Iapetus is a universe of contrast, with light and dim regions wise together like vast nonplus pieces.
Cassini Regio on Iapetus (914 miles or 1,471 kilometers across) is lonesome in a covering of dark, dry element formulating a sheer contrariety to a most brighter segment that surrounds it. This leads to a moon’s distinctive, two-toned appearance. To learn some-more about a means of a contrariety between regions, see PIA06166.
This perspective looks toward Saturn-facing hemisphere of Iapetus. North on Iapetus is adult and rotated 20 degrees to a right. The picture was taken in manifest light with a Cassini booster narrow-angle camera on Mar 11, 2017.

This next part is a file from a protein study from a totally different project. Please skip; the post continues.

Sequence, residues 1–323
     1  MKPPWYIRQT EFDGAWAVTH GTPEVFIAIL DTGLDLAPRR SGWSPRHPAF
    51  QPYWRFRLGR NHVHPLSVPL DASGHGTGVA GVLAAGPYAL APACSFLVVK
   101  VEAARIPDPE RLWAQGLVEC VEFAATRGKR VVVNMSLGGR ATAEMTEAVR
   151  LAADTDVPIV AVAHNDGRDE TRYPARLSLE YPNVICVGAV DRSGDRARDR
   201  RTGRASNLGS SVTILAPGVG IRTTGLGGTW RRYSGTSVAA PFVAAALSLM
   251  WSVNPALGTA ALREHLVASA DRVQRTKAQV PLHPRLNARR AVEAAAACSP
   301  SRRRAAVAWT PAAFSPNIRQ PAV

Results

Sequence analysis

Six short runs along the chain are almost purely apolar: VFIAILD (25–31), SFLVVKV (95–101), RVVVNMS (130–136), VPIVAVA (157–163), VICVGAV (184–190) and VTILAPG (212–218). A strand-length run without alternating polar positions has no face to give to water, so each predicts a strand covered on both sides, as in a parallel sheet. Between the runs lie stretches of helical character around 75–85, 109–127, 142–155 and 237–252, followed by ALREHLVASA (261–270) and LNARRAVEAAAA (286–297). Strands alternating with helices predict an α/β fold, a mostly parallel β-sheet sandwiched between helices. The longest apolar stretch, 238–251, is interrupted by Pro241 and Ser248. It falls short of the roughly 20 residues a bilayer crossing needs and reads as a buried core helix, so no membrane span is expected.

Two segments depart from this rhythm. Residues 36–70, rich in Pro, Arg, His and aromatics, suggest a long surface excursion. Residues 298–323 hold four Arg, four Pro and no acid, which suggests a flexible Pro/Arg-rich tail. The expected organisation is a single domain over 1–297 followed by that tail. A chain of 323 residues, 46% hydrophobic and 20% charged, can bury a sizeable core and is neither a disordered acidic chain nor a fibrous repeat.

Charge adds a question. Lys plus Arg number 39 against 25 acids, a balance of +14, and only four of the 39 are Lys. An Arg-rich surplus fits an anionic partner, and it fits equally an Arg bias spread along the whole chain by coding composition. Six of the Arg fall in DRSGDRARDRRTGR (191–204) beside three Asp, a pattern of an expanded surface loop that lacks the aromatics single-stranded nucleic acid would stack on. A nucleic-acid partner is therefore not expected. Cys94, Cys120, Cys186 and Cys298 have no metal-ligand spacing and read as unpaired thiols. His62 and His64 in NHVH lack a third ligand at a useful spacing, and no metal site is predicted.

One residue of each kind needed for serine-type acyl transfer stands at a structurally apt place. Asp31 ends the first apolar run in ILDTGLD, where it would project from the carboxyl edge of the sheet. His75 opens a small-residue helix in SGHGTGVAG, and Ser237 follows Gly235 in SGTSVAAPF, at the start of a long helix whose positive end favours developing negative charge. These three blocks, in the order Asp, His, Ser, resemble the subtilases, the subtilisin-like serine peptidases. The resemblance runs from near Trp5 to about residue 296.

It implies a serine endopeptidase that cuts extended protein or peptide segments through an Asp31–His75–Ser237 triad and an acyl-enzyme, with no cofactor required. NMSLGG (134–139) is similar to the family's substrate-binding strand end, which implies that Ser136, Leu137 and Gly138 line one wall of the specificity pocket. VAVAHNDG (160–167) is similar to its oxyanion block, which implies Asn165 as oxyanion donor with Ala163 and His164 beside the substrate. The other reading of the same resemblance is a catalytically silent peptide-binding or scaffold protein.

The perspective was performed during a stretch of approximately 1.6 million miles (2.6 million kilometers) from Iapetus. Image scale is 9 miles (15 kilometers) per pixel.
The Cassini goal is a mild plan of NASA, ESA (the European Space Agency) and a Italian Space Agency. The Jet Propulsion Laboratory, a multiplication of a California Institute of Technology in Pasadena, manages a goal for NASA’s Science Mission Directorate, Washington. The Cassini orbiter and a dual onboard cameras were designed, grown and fabricated during JPL. The imaging operations core is formed during a Space Science Institute in Boulder, Colorado.
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